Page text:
I was fifteen.
We were way out in the middle of sixty acres of his father's land in the middle of the middle of nowhere. Weedy and snaky roads. Nothing there except a million pine trees, a well with cool spring water, a rusty old tractor, some rose bushes that had seen better days.... and me and Daddy in his 66 Fairlane Ford Sedan.
He refused to drive anything but a Ford. It looked a lot like this except the color was a bit darker blue. (Thank you Wikimedia.org. It's the only one I could find and I have no idea why there is a Siberian Husky in the front seat and I don't know who those people are forgive me please but it is public domain..I digress)
Anyway, his mission that day was to teach me to drive a straight gear with a clutch before I got my learner's permit. These are my verdant memories of that fateful day.
Lots of pine trees, lots of cussing, pigtails and Daddy's big shoes.
I had to sit on a Sears Roebuck catalog just to see over the steering wheel.
He drove waaaaay down this bumpy dirt road out of reach of all civilization ( Daddy was a wise man) and told me that we would begin at the barn and drive back up to the house. OK. Simple. We switched places. "This the clutch. This is the brake. This is the gas." I stopped. I started. I lurched. I slammed. I started. He cussed. A lot. This was harder than playing the foot pedals on the church organ for sure. Finally, the car began to act like it had some sense and moved.
Away we went!
The road was lined with apple trees. Green apple trees with worm holes and pretty colors and speckles and such. I was fascinated with the trees on each side. I was not paying attention to the sharp curve ahead that led into the driveway of the house.
We're talking branches and branches of sticky needles and scratches all over the windshield, hood and roof of Daddy's Ford. All I heard was "Slow down. Sis, slooooow down. Sis. Sis. Sis! Slow d......."
By the third slow down I was paralyzed by the impatience in his voice and forgot how to slow down. I literally could not remember where the brake was. Brake. Clutch. Clutch. Brake. Eeeny meeny. No clue. He yelled. I panicked.
And then I felt his big big hard shoe on top of my foot slamming on brakes -I gotta tell ya - that hurt!
It wasn't a pretty day, my friends.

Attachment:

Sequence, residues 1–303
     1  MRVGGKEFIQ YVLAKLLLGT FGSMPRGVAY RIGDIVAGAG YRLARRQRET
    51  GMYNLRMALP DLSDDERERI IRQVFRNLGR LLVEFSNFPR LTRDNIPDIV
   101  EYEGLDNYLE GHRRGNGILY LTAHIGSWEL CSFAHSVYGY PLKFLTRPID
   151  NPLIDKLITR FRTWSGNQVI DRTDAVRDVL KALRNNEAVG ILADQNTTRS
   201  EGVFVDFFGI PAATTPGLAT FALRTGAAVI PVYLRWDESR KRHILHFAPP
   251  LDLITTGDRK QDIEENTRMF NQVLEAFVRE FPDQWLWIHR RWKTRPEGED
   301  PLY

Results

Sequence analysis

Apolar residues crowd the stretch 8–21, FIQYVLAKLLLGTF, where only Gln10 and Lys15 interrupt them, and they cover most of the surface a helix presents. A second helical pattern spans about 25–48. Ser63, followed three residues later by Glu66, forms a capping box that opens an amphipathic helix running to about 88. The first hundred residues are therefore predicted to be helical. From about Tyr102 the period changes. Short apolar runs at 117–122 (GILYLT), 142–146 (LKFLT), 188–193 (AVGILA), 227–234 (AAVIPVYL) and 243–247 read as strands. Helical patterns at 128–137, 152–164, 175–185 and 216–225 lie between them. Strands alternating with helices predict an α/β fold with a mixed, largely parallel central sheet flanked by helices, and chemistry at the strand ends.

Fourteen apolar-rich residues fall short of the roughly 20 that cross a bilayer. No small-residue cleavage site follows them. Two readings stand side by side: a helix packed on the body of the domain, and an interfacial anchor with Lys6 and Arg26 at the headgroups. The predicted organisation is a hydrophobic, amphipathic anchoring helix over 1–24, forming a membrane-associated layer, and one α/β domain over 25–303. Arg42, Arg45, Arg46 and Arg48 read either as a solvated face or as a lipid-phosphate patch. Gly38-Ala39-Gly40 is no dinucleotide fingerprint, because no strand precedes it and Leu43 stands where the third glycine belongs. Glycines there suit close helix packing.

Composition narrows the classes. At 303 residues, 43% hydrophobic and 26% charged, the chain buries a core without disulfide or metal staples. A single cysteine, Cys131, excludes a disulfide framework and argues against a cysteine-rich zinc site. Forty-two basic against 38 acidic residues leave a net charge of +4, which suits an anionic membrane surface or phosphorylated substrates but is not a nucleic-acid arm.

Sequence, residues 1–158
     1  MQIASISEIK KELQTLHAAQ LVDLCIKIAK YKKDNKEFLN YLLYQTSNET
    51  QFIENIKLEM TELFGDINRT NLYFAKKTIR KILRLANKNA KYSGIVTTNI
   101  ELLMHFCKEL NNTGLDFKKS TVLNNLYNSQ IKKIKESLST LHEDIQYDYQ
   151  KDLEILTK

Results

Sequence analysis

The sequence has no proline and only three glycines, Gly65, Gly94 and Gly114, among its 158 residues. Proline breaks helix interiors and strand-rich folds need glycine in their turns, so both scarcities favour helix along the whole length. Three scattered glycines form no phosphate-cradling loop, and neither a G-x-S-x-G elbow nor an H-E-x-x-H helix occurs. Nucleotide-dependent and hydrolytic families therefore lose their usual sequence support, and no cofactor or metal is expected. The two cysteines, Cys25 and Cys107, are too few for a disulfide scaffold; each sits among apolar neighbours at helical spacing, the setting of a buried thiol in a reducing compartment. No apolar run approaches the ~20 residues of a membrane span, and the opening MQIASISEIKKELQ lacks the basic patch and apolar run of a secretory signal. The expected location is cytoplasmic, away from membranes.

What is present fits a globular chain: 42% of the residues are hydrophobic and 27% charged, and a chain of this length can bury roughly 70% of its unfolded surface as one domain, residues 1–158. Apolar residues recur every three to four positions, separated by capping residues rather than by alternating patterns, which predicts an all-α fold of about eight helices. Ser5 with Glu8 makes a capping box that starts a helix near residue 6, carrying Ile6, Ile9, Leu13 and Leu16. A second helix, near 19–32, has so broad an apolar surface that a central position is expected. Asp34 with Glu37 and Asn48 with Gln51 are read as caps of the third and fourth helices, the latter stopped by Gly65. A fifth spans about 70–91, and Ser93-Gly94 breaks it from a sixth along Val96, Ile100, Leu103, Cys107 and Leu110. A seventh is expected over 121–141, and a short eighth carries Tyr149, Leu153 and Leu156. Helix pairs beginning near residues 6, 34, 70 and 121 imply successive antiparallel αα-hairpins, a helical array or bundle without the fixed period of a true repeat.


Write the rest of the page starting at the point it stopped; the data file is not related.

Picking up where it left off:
"Mimi! What are you DOING???!!
Well, by the time it was all over I was picking pine needles out of my pigtails and Daddy and I were sitting in a shady car.
I looked at him.
He looked at me.
He cussed some more.
"You didn't tell me about the pine tree. I didn't know there was a pine tree. I'm sorry. I didn't mean to."
"You mean you couldn't see that pine tree?"
"I saw the pine tree, Daddy. No..I...well....I didn't see it in time."
"Why didn't you put on the brakes? I told you to hit the brakes!"
"I forgot where they were."
"You're not paying a damn bit of attention to what I'm telling you."
He was right. I tugged on my left pigtail like I always did when I was in a world of trouble and turned my face away in embarrassment.
"You hurt my foot!!" I said with tears rolling down my face which only made him feel worse.... and thinking to myself that I would never learn to drive this stupid car. I needed a manual for the manual transmission class.
And I'm sitting on a department store. Typical.
He huffed and puffed and muttered. I got out and we changed places. We left the Pine Tree Motel and he drove home in silence with a sniveling me tugging on my hair looking out the window. Looking anywhere but at him.
Boy, was he mad at me.
Now that he's gone I tend to recall the things that made me happy about our relationship but I also tend to forget the stressful days. I shouldn't.
There were many and they are real too. They are part of our relationship. Tears and yelling in sticky situations are part of our father/daughter evolution.
I didn't want to disappoint him.
I always feared I would.
I sometimes did.
And nothing made him madder than when I cried. He just didn't know what to do with that. His propensity for impatience with me was only equally matched by my tendency to take everything so personally. A cycle we trod many times.
I think I would like to do that lesson over.
I wouldn't have cried.